Loop quantum gravity (LQG), if I understand correctly, describes time as emerging from the interactions of quanta of the gravitational field that can be described by spinfoam networks. (See photos)
We know time moves less quickly at sea level than it does atop a mountain. So, if "time" in LQG is just a measure of interactions, is LQG saying that there are less of these "interactions" taking place at sea level than atop the mountain?
In other words, the more mass density, or the more the gravitational pull, the less "interactions" there are in LQG?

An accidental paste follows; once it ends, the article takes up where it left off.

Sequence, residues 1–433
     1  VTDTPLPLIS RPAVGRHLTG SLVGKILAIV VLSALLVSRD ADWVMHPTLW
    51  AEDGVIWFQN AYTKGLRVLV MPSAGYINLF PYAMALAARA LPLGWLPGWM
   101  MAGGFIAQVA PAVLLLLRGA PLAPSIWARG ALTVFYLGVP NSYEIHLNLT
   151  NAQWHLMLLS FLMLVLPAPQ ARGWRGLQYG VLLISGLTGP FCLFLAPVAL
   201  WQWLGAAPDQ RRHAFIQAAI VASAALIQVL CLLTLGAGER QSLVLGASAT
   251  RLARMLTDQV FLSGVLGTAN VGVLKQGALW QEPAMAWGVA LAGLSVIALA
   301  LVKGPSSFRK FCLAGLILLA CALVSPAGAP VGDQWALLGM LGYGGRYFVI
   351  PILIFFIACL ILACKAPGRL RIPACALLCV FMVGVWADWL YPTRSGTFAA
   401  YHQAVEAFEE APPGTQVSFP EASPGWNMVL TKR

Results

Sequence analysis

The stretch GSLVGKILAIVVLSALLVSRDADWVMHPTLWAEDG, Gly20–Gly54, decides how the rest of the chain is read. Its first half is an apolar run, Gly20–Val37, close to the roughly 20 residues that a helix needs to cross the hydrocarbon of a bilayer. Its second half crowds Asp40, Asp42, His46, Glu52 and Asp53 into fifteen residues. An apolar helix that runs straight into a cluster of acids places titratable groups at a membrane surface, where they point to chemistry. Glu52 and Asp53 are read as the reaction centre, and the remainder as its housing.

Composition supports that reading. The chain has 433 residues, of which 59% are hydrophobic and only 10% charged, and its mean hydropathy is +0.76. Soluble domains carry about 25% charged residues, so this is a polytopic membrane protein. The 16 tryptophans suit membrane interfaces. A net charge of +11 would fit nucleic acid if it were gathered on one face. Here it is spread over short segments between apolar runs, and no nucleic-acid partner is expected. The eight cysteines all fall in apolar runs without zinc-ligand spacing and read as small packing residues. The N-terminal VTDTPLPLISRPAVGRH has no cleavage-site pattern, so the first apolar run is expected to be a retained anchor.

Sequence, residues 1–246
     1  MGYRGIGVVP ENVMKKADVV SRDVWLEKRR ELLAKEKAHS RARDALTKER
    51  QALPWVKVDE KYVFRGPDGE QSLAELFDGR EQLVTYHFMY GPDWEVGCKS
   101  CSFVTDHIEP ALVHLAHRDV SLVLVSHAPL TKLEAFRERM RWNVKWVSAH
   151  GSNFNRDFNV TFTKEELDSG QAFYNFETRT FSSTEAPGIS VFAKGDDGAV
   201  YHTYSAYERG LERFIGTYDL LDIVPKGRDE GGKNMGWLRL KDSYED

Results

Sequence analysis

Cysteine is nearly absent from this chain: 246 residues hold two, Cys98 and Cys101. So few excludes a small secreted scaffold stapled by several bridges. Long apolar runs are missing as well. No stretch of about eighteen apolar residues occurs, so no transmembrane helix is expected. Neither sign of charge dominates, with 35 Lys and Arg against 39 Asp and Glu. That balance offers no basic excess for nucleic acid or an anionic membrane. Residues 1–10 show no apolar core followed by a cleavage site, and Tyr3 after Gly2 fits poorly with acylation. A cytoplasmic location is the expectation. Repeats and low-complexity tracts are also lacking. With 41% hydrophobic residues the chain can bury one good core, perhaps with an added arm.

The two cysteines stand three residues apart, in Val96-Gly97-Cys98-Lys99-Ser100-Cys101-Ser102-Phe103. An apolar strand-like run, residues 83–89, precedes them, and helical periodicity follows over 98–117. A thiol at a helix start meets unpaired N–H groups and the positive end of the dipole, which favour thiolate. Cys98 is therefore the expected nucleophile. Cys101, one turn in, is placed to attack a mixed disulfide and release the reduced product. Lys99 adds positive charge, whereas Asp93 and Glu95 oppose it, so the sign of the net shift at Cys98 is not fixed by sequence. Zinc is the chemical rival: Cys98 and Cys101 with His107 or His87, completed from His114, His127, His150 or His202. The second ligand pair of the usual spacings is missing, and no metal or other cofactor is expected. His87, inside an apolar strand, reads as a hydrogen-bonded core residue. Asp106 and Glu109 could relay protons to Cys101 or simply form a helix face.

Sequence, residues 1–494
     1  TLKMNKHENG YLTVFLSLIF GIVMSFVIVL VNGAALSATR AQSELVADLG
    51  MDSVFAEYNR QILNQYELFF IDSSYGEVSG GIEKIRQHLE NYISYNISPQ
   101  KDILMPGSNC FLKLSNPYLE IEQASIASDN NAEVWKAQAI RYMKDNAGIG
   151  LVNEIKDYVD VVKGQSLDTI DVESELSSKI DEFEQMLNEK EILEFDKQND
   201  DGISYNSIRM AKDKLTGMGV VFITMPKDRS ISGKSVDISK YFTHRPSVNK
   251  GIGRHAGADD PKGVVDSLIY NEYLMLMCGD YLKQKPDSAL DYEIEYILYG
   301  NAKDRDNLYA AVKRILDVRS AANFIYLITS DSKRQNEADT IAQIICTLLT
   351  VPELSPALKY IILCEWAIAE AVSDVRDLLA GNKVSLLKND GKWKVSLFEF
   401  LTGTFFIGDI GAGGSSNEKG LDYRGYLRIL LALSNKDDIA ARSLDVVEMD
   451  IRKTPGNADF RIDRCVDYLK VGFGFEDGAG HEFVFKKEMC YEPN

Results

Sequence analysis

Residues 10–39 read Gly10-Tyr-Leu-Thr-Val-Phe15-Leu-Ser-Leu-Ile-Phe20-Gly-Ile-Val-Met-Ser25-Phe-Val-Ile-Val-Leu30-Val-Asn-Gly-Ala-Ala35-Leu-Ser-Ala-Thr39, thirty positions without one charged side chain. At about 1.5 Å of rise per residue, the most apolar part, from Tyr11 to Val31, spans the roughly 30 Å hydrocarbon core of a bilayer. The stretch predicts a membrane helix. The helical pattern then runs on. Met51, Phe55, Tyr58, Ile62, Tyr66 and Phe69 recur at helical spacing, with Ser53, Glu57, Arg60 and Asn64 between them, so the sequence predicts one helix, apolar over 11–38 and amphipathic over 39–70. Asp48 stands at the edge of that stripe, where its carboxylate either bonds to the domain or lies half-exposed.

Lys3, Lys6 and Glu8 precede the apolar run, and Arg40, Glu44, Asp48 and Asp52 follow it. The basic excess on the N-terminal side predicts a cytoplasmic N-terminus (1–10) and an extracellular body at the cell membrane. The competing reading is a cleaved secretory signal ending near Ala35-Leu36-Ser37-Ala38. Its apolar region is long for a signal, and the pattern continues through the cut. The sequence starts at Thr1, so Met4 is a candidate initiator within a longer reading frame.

This would be an interesting way to see the world. It would mean, to make a coarse analogy, that at sea level, we can "play" or "interact" with less sand than we can atop a mountain. Or to put it another way, the soap-bubble like spinfoam networks that make up our bodies in a gravitational field can blow less bubbles at the seashore than they can at the edge of space.